Won't You Be My NeighborWalt Whitman said, “The truth is simple. If it was complicated, everyone would understand it.” I agree. The everyday world in which we live has become more and more complicated as systems become more complex and interlocked. We are more and more connected through technology and other superficial means, but find ourselves more and more disconnected from each other as we are in so many ways disconnected from ourselves, and ultimately God. That’s why I need to sit and be taught anew the simplicity of Jesus’ gospel.

Jesus’ story of the Good Samaritan is the simple story of what it means to be a neighbor. It is the simplicity of God’s love in real life.

Dear friends, let us love one another, because love comes from God. Whoever loves is a child of God and knows God. Whoever does not love does not know God, for God is love. And God showed his love for us by sending his only Son into the world, so that we might have life through him. (1 John 4:7-9)

What prompted these next five sermons is the fiftieth anniversary last February of Fred Roger’s debut as the host of “Mister Roger’s Neighborhood” on February 19, 1968. Fred Rogers, an ordained Presbyterian pastor, embodied for me the spirit of Jesus’ love in ways that continue to move me. As I sat in the Sebastiani Theater watching the documentary of Fred’s life, I silently wept several times as Fred’s words and actions reminded me of Jesus’ invitation to radically love as a child loves. Jesus said that unless we become as little children, we cannot enter the kingdom of God. (Matthew 18:3) It’s not that Jesus is locking us out—we lock ourselves out.

At the center of the Universe is a loving heart that continues to beat and that wants the best for every person. Anything that we can do to help foster the intellect and spirit and emotional growth of our fellow human beings, that is our job. Those of us who have this particular vision must continue against all odds. Life is for service.” (Fred Rogers)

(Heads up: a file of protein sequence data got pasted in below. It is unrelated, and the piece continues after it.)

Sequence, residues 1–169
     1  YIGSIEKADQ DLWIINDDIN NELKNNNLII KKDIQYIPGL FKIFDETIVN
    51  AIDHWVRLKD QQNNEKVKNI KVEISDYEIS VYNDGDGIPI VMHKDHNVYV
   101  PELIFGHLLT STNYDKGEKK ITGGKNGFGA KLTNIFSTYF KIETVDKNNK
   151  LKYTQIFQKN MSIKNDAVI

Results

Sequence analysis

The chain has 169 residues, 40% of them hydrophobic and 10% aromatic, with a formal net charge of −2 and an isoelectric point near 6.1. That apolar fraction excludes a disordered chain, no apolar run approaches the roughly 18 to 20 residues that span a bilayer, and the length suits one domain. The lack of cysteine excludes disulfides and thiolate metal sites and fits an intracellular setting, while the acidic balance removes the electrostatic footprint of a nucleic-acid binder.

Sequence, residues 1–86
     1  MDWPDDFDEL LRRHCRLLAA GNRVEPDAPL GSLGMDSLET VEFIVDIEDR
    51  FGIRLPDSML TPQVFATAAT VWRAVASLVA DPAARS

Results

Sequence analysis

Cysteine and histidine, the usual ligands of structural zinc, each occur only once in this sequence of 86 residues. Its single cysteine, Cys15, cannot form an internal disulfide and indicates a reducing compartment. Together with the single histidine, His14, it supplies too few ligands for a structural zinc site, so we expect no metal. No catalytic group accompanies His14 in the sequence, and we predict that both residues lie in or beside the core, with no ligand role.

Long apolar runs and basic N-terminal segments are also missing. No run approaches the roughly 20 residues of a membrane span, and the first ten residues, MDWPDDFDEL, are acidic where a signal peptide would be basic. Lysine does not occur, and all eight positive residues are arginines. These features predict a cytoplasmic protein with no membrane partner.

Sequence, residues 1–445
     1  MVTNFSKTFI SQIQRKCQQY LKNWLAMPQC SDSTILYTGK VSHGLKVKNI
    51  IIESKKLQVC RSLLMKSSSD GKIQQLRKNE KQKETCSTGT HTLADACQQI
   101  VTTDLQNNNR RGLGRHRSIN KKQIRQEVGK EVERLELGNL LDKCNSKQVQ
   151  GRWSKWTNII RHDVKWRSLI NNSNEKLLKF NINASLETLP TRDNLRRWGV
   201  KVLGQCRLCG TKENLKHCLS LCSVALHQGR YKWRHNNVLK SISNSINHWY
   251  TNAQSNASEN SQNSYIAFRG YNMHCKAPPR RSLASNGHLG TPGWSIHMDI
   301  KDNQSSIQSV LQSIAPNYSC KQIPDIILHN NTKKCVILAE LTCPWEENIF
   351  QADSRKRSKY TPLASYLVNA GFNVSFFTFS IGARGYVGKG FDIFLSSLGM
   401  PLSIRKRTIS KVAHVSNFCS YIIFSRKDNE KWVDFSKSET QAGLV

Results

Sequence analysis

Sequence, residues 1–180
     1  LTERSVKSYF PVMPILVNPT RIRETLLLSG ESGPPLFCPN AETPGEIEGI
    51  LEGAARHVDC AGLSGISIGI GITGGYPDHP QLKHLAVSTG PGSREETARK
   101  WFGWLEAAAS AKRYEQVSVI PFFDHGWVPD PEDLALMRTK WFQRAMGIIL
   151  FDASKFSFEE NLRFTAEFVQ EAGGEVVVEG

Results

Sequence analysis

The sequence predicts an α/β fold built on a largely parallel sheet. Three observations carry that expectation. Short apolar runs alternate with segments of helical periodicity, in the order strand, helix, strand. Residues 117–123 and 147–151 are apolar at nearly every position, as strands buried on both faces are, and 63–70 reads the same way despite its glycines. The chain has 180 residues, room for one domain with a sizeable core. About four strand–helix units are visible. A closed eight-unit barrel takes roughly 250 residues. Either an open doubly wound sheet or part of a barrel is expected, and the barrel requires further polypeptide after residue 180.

I need Fred Rogers to help me experience Jesus’ profound description of what it means to love God, and my neighbor as myself. I suspect some of you need that as well. Kindness and goodness matter, and I need to be reminded of that everyday. I’m looking forward to the opportunity to be together Sunday as we let the Spirit of the living God teach us anew the simple truth of love. This is the story of the Good Samaritan:
Luke 10:25-37:

A teacher of the Law came up and tried to trap Jesus. “Teacher,” he asked, “what must I do to receive eternal life?” Jesus answered him, “What do the Scriptures say? How do you interpret them?” The man answered, “‘Love the Lord your God with all your heart, with all your soul, with all your strength, and with all your mind’; and ‘Love your neighbor as you love yourself.’” “You are right,” Jesus replied; “do this and you will live.” But the teacher of the Law wanted to justify himself, so he asked Jesus, “Who is my neighbor?”

Jesus answered, “There was once a man who was going down from Jerusalem to Jericho when robbers attacked him, stripped him, and beat him up, leaving him half dead. It so happened that a priest was going down that road; but when he saw the man, he walked on by on the other side. In the same way a Levite also came there, went over and looked at the man, and then walked on by on the other side. But a Samaritan who was traveling that way came upon the man, and when he saw him, his heart was filled with pity. He went over to him, poured oil and wine on his wounds and bandaged them; then he put the man on his own animal and took him to an inn, where he took care of him. The next day he took out two silver coins and gave them to the innkeeper. ‘Take care of him,’ he told the innkeeper, ‘and when I come back this way, I will pay you whatever else you spend on him.’”

And Jesus concluded, “In your opinion, which one of these three acted like a neighbor toward the man attacked by the robbers?” The teacher of the Law answered, “The one who was kind to him.” Jesus replied, “You go, then, and do the same.”